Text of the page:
When I was (age)…
My favorite place…
I can still (sense)…
I dated…
I fainted…
I gave…
I once had…
I am…
I want to…

and thanks to Two Writing Teachers for the Slice of Life Story Challenge every day in the month of March.

Sunday song

Early Sunday morning, on my way to church, the sky’s overcast but sun rays are peeking through, all set to teach the lesson on what constitutes a “hero” and while the best-known characteristic may be courage (which is not the absence of fear but acting bravely in spite of it), not to mention self-sacrifice, then perhaps the least recognized is humility, throwing off the mantle of leadership to be a servant, it’s all a matter of the spirit, service… and as I drive past barns, fields, pastures, the green, green grass hints of imminent spring, making my heart rejoice, as do the horses tossing their manes when I pass, surely shaking off sleep and the night, greeting the day as if to say Good morning, good morning, not to mention that I have just enough time to make choir practice before I teach, for we are finally singing as a choir again after two long years, and look at all these robins flocking by the roadside, taking flight as I round the bend, maybe straightening a curve or two, until I remember something my childhood preacher said: Don’t have a Jesus bumper sticker on your car if you drive like the devil… good thing I have no such sticker, but I’ll slow down a bit just the same…in my bag is a list of prayer requests and petitions to make, knowing the Lord already knows, for He knows all, sees all, is over all, and while there is so much I cannot understand, I am learning, I am always learning, and although words are forever scrolling through my brain, today, my heart needs no words; it just sings, like the birds.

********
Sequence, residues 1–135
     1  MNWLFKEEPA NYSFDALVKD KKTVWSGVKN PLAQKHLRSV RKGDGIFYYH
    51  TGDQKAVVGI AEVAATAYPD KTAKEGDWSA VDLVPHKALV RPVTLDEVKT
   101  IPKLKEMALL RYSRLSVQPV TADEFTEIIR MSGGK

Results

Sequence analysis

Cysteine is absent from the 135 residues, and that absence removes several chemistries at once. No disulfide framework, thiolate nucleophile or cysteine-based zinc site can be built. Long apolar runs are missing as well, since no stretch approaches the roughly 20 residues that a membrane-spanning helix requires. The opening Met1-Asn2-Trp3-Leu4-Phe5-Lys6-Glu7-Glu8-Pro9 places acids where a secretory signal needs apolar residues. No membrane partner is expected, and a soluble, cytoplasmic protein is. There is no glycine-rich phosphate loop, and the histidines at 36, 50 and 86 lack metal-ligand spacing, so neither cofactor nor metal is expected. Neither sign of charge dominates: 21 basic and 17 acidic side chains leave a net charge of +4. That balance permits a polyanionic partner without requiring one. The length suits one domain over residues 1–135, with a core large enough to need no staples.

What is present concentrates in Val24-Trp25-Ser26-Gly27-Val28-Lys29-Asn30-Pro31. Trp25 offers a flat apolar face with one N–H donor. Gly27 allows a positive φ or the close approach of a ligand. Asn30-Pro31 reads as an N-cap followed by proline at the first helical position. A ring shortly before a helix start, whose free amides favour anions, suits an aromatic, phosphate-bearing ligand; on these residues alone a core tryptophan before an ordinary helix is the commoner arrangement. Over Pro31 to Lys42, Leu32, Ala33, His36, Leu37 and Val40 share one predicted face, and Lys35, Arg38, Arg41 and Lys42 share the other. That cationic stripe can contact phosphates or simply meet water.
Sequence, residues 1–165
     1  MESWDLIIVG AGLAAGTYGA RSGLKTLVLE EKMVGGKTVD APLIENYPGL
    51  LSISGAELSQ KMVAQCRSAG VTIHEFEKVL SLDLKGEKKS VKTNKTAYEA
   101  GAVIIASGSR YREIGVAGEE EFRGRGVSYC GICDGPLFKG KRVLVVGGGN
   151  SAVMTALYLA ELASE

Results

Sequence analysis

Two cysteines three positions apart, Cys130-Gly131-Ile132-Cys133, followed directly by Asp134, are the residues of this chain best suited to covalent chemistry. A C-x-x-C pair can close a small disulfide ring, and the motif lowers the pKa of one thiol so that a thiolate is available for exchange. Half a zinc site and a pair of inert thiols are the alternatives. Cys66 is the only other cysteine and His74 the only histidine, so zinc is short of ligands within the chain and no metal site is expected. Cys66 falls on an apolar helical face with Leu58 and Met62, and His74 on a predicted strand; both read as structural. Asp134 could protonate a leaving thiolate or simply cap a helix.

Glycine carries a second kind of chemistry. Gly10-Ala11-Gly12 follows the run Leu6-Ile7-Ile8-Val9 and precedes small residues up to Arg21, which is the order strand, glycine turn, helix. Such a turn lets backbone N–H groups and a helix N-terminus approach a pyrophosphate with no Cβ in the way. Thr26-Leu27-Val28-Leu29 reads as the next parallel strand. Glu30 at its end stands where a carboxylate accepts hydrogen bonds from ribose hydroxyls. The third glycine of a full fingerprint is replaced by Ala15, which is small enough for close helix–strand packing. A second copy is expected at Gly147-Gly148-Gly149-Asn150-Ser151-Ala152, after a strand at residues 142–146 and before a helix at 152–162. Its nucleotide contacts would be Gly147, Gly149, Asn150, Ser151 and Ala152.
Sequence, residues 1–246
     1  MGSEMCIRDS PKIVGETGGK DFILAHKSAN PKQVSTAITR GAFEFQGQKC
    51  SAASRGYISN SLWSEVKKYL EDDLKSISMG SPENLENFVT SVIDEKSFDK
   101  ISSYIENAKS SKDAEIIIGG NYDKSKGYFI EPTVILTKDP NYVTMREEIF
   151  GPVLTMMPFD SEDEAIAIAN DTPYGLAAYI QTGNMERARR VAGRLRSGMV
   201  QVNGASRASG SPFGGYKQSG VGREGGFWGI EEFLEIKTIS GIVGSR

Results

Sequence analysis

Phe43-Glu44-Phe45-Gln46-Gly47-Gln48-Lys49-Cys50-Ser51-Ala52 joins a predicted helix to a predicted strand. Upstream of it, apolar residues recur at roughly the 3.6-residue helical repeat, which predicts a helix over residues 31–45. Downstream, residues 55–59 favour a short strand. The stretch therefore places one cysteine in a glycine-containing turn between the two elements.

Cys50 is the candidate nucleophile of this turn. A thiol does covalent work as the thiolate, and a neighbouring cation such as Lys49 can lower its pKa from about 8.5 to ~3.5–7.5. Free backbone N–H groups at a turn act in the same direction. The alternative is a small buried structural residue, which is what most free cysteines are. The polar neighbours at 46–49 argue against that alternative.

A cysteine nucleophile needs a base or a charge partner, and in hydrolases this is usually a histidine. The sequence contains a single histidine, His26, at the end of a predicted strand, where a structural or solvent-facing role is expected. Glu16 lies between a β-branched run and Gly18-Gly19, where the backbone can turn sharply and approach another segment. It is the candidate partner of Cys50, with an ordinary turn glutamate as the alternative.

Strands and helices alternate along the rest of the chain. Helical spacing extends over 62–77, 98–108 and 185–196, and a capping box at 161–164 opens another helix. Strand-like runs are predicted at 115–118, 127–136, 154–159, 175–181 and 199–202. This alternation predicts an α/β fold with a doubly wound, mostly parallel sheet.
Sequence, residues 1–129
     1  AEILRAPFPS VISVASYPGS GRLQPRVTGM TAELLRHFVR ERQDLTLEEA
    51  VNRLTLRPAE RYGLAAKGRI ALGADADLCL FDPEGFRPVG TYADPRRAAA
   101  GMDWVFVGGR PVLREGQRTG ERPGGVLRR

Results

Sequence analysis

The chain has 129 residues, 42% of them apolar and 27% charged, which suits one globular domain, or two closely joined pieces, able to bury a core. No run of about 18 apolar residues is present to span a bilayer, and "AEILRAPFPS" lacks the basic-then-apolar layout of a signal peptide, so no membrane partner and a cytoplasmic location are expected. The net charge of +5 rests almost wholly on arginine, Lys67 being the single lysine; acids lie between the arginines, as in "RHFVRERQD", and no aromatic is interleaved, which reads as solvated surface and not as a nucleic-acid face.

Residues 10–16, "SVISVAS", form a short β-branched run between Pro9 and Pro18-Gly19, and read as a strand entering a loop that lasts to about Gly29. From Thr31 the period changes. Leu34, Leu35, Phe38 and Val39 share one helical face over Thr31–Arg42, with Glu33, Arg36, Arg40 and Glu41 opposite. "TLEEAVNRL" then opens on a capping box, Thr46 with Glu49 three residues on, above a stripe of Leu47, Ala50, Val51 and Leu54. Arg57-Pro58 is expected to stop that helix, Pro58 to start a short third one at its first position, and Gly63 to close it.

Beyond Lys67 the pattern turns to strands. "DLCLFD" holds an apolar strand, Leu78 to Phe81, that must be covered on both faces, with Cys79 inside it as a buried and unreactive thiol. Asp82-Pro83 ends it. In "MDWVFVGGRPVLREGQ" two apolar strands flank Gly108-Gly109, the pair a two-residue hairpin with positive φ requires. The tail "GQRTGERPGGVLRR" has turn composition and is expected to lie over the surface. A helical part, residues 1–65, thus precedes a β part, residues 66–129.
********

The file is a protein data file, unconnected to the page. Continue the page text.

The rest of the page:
A photo from last summer. In recent weeks a little Carolina wren has been perching on the tip of the cross of one of our two “bird churches,” singing its heart out to the sky. I haven’t been successful in recording this glorious solo… yet.

*******

with thanks to Two Writing Teachers for the Slice of Life Story Challenge every day in the month of March.

Ashes

a combination Slice of Life & Spiritual Journey offering

I grew up hating ashes.

They were a part of my everyday life.

My parents were smokers. Salem menthols. When their friends came over or when some of my mother’s family gathered at our house, smoke hung in the air, thicker than fog, like some conjured ghost constantly materializing, encompassing, lingering…

Sometimes I was given the chore of cleaning out the ashtrays. A debasing job. Dirty. Ashes are pervasive. Everywhere and never really gone, no matter how hard you try. Even now, remembering, the stench is my nose, the metallic taste on my tongue…